Dry or Oily Scalp
If your skin is naturally dry or sensitive, you may struggle with regular bouts of dandruff. A lack of moisture can lead to an imbalance in your scalp’s microbiome that makes these flakes more likely to occur.
Oily skin is another common culprit. Since the fungi that cause most dandruff feed on sebum, your oily scalp is smorgasbord for them. And the result is dandruff.
In some cases, guys with oily skin can develop an especially severe form of dandruff called seborrheic dermatitis. If your scalp is red, greasy, and covered in white or yellow flakes, this is probably what you’re dealing with. The condition can cause similar problems elsewhere on your body - wherever there are lots of oil secreting glands.
Bad Hair Care Habits
Washing your hair too often strips away natural oils and leaves your hair dehydrated. But the opposite isn’t better. Not washing your hair enough allows for excessive oil accumulation. That is a risk factor for dandruff since the yeast and fungi that cause flakes are hungry for your scalp oil.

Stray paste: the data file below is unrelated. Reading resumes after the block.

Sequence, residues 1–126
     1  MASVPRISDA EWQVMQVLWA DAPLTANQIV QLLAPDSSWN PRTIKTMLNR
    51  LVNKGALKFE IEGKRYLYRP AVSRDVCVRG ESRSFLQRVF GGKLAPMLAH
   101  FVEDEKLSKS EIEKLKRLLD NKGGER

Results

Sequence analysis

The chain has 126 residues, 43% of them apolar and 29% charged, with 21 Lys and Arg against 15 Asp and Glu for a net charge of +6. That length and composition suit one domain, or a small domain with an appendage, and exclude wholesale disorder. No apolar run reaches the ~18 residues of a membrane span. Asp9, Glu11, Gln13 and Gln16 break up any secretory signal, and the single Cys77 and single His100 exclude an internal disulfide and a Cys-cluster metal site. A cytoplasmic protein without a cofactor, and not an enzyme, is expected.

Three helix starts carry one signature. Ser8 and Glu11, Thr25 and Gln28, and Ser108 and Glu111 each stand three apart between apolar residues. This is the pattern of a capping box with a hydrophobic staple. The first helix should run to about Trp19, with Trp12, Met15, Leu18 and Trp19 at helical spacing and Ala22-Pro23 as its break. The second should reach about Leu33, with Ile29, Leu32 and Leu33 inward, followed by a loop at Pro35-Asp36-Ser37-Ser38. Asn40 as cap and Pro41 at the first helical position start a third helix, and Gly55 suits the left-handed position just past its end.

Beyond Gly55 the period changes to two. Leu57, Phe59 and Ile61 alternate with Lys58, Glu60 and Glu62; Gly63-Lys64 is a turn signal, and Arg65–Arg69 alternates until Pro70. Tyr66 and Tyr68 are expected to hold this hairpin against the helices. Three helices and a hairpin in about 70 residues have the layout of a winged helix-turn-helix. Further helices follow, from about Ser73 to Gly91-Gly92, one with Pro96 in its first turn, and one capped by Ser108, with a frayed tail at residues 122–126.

Shampoo is great because it removes dirt and oil from your hair and scalp. But your scalp needs some natural oil to keep it moisturized, itch-free, and healthy.
So shampooing - especially with a harsh product - is a double edged sword. You stay clean and reduce oil, but you also strip away the moisture your scalp needs to stay flake-free.
Showering with scalding hot water is hard on your hair, scalp, and skin too. While it won’t cause dandruff on its own, it can worsen the problems that come along with dandruff including dehydration and irritation.
Cold, dry air cannot cause dandruff by itself. That’s because dandruff is usually instigated by fungal growth on your scalp.